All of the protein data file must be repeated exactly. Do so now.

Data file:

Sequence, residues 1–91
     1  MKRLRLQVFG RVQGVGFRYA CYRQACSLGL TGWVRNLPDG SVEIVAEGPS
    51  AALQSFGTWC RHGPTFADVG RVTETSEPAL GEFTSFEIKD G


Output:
Sequence, residues 1–91
     1  MKRLRLQVFG RVQGVGFRYA CYRQACSLGL TGWVRNLPDG SVEIVAEGPS
    51  AALQSFGTWC RHGPTFADVG RVTETSEPAL GEFTSFEIKD G